More Thoughts on This Year’s 1B/DH Free Agents
Adam Lind signed today with the Washington Nationals on a one year deal with a team option for a second season which guarantees Lind $1.5 million. The amount of the guarantee is just about the lowest possible on a major league deal for a veteran player like Lind (at least in terms of the unwritten MLB salary scale) and is still something of a surprise considering that Lind hit 20 HRs last season and has a proven track record as a slugger.
I’m not saying that Lind should have received a lot more, but even a $2 million guarantee would have represented 33% more than what he actually got.
In the context of this year’s market for one dimensional 1B/DH players, it ultimately was not surprising that no one claimed Byung-ho Park off waivers. That was certainly what the Twins were counting on.
However, it is still interesting that not even one MLB team thought that Park was worth a $9.25 million gamble for three years of control for a player whom the Twins valued more than twice as highly a year ago.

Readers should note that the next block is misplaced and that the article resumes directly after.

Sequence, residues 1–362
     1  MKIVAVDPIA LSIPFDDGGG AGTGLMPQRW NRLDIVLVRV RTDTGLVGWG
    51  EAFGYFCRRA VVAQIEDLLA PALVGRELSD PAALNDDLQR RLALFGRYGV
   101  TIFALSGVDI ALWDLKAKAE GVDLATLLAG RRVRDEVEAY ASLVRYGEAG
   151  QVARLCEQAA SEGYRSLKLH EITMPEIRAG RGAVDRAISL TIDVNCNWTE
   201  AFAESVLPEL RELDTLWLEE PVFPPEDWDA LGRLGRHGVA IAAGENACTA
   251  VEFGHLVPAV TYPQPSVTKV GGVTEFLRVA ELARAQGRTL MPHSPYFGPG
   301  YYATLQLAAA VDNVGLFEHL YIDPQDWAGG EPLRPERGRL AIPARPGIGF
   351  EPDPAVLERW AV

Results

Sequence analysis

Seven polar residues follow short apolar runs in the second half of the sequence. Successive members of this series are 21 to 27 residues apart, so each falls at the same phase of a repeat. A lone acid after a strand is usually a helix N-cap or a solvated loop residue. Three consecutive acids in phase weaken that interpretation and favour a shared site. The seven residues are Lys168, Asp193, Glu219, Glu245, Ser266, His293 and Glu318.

For Park, starting the 2017 season at AAA Rochester is probably the best thing that could happen to him. He’ll get to play every day there, continue to work on his newly shortened swing, and likely earn his way back to the Show in 60 or 70 games. As fangraphs noted just before Park was designated for assignment, there are plenty of things about Park’s 2016 performance to suggest he still has potential as an MLB player if he can make some more adjustments.
Pedro Alvarez is beginning to look like he might be the odd man out, as there can’t be many more landing places given the recent signings of Mike Napoli, Chris Carter and now Lind. That said, Alvarez was a more productive hitter than Lind last year, so I expect him to get more than a $1.5 million guarantee, although it certainly looks like he now has little hope of more than a one-year deal.
There always seems to be something of a herd mentality in MLB front offices, and I don’t necessarily think that small contracts for this kind of player this off-season means that these guys won’t get better contracts in future off-seasons. This year’s deals may have had more to do with the glut of these players on the market — in an off-season where there are fewer of them, they may do better.
Also, if some of these guys on one year deals can do better in 2017, or in Chris Carter’s case, have the same season in 2017 that he had in 2016, they’ll get better deals next off-season.